Just as a lake?  Or any other place of profound natural beauty?  Why does man need to turn such places into developments often driven only by a profit-motive from investors who frequently do not live, nor intend to live, in  our community?’  His words, spoken in their authentic setting, had a particularly memorable quality for me even though their sentiments are familiar.

  Our guide the next morning along the dockside of Crescent City to the southern edge of town was a lesson opposites.  Stocky, proud and certain, Beverly had continued her life as a fisherman after her fisherman husband had died.  Now she is retired from the sea but continues her involvement as a member of a fisherman’s Safety Panel sponsored by the Dept. of Fisheries, this involves flying to Washington DC a few times a year, but only to be involved in marine safety issues she repeated often…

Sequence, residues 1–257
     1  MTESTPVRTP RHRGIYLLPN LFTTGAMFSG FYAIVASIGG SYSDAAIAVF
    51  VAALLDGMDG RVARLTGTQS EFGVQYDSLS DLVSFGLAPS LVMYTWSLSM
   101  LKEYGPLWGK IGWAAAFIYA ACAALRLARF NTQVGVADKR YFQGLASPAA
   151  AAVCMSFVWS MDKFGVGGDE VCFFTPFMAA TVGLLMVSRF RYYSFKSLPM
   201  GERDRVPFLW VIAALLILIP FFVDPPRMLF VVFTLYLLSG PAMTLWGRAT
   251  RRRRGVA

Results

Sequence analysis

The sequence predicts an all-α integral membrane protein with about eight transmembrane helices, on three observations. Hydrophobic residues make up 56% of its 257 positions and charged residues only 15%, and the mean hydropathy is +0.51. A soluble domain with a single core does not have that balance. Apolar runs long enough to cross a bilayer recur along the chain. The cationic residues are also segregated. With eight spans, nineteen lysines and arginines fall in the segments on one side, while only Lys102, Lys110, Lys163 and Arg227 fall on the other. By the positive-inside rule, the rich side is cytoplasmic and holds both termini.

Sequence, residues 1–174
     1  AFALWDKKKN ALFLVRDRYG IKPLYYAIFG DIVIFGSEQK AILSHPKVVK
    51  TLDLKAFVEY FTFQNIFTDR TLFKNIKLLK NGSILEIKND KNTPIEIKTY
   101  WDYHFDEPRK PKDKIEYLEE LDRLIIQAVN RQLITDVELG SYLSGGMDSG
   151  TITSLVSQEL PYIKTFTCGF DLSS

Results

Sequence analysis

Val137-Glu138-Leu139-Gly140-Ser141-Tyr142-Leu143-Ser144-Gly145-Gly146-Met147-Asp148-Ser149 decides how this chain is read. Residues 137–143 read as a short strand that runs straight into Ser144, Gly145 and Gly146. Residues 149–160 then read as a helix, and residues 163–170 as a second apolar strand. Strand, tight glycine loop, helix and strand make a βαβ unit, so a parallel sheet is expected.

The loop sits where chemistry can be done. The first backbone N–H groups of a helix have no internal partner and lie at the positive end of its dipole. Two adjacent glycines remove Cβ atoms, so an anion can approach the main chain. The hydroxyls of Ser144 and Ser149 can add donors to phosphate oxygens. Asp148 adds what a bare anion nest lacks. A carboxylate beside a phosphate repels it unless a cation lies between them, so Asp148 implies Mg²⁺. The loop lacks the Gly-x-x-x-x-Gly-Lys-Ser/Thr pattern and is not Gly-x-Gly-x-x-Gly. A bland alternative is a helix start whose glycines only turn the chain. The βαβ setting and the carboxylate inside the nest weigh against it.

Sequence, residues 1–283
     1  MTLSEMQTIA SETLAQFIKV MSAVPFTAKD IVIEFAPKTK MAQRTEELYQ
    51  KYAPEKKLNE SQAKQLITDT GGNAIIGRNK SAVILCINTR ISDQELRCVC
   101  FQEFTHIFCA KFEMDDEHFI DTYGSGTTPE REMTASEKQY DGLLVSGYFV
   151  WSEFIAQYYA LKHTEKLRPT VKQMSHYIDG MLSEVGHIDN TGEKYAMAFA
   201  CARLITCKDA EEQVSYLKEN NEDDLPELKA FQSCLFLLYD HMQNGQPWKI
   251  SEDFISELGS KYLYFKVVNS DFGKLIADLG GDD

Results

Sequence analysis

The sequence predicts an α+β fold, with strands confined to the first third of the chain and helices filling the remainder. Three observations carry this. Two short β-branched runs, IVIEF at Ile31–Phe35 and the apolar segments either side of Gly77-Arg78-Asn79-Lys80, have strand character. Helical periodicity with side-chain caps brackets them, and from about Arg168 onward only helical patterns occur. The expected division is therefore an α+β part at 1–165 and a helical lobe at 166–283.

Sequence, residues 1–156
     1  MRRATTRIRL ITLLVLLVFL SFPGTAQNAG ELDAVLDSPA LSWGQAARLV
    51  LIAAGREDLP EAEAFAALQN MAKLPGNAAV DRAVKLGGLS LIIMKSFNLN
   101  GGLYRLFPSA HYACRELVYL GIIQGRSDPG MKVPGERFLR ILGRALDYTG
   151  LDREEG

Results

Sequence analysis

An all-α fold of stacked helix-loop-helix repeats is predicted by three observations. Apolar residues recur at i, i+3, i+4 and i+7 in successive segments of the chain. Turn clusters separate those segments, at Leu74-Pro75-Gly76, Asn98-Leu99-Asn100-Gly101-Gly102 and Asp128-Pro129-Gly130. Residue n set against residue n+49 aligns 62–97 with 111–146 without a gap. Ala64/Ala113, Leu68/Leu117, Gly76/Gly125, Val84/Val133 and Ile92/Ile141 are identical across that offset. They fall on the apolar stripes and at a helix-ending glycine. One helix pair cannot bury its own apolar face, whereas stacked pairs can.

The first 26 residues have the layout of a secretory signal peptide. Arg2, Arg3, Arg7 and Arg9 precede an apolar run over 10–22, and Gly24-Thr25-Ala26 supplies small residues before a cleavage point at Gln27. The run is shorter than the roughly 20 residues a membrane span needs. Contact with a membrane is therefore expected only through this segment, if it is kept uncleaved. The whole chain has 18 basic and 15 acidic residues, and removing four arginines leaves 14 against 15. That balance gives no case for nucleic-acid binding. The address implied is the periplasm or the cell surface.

In Del Norte and Humboldt counties strong tides often move the fine beach sand to form sand spits at bays & estuaries.  These spits are sometimes many miles long and when they end the hiker can no longer proceed without assistance.  Six times so far we have been ferried across open oceans, wide quiet backwaters or deep, fast-running rivers.  Our first journey was with the local game Warden from the Dept. of Fish and Game.  He cut a rugged figure with a mass of grey curls billowing around his baseball cap.  A red padded jacket accentuated his burly torso & grey waders left no doubt of his watery territory.  He transported us in an air boot, imported from the Florida Everglades.